Wed, Jul 27, 2011 - Page 12 News List

HTC confirms its chief innovation officer left in April

By Kevin Chen  /  Staff Reporter

Smartphone maker HTC Corp (宏達電) recently lost an important executive at a time when the world’s No. 5 smartphone brand is embroiled in a patent fight with Apple Inc and facing intensified competition from Samsung Electronics Co.

Horace Luke (陸學森), who joined HTC in 2006 as chief innovation officer, left the company at the end of April, HTC confirmed in an e-mailed statement yesterday, following reports of Luke’s departure by various foreign news outlets earlier yesterday.

“Horace Luke, HTC’s chief innovation officer, has left HTC for personal reasons,” the company said in the statement.

Speculation that Luke had left started when the Chinese-language Commercial Times reported on June 23 that HTC’s annual report, which was released at its shareholders’ meeting last month, stated in a footnote that he “was no longer working as the chief innovation officer.”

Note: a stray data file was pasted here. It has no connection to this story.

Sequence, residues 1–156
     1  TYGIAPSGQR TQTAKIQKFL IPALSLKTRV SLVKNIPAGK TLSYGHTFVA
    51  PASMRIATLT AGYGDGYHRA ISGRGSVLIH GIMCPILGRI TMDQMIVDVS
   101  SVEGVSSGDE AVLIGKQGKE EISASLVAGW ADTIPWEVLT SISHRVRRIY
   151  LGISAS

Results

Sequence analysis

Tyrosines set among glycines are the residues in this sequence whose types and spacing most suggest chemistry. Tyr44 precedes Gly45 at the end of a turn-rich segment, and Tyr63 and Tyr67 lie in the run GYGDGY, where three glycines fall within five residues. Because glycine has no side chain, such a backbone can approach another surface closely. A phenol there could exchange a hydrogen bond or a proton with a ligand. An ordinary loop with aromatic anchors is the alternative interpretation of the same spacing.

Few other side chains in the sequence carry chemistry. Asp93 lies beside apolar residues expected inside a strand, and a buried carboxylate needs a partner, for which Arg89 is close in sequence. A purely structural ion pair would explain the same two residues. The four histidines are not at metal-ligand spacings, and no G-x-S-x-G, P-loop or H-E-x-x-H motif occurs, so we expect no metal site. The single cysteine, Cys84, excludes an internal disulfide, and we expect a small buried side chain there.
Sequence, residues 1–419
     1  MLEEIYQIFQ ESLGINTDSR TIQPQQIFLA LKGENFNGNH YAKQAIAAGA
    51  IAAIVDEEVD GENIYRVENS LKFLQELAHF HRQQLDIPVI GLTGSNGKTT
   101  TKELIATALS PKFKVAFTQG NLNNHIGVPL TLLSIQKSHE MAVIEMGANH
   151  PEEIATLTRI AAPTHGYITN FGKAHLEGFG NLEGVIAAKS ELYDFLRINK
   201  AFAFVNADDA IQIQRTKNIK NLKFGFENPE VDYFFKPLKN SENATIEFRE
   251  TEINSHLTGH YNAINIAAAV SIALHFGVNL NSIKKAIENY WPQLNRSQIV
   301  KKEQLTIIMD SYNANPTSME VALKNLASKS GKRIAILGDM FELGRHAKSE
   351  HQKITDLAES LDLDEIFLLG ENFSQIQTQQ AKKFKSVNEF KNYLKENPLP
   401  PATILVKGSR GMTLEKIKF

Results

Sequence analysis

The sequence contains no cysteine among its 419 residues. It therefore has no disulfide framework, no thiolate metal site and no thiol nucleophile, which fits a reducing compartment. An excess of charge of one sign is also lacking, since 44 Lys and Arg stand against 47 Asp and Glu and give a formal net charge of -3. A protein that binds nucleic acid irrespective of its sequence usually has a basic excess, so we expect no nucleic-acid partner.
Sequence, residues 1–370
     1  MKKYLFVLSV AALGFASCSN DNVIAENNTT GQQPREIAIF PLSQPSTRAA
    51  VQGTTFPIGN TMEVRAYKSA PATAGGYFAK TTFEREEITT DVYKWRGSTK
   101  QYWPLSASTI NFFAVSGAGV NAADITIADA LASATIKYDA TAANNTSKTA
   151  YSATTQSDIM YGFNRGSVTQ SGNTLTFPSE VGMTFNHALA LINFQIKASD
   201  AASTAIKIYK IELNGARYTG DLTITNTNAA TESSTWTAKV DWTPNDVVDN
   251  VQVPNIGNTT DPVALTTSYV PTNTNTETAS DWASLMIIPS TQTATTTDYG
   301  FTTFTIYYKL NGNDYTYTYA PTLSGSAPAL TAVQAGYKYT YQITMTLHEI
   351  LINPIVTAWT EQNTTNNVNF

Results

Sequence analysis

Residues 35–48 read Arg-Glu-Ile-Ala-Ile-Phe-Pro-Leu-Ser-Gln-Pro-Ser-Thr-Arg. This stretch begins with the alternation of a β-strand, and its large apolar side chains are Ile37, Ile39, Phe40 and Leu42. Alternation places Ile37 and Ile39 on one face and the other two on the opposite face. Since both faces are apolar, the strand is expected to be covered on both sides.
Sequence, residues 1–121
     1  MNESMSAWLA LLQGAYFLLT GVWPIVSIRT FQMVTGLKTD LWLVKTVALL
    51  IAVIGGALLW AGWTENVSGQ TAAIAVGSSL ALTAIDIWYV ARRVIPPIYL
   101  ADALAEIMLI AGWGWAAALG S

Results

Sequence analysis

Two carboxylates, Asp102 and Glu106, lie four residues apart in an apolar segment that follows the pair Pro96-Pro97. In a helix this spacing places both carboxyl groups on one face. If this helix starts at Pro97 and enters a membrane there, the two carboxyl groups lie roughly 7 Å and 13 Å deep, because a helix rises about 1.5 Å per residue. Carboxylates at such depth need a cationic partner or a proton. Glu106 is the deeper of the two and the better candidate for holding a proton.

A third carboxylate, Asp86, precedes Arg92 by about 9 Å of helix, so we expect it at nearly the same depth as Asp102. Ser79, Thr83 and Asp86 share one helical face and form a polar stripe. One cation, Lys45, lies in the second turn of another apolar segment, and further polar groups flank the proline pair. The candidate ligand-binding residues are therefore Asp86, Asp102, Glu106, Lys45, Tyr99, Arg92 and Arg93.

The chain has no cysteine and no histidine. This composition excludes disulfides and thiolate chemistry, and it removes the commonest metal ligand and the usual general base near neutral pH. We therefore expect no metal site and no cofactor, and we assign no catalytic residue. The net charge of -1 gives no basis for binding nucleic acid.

The company said yesterday that vice president of design Scott Croyle — formerly a partner at San Francisco-based industrial design firm One & Co, which HTC acquired in 2008 — has taken over Luke’s responsibilities.

“Horace nurtured a culture of innovation at HTC and instilled a strong consumer design-focus among our employees, who continue to raise the bar in designing products that capture our customers’ imagination,” the firm said.

Luke has strong hardware and software innovation and design capabilities in consumer and communication electronics. He was particularly known for his effort in helping to push forward the company’s Touch Diamond smartphone in 2008 and its first Google Android smartphone, HTC Desire, last year.

Prior to joining HTC, Luke worked at Microsoft Corp and Nike Inc. Luke’s departure marked the second major personnel change at HTC this month. On July 13, the company announced the promotion of Jason Mackenzie, president of the firm’s North America and Latin America operations, to the newly created position of global sales and marketing president, a move viewed by market watchers as a strategy to strengthen HTC’s competition with Apple in the US market.

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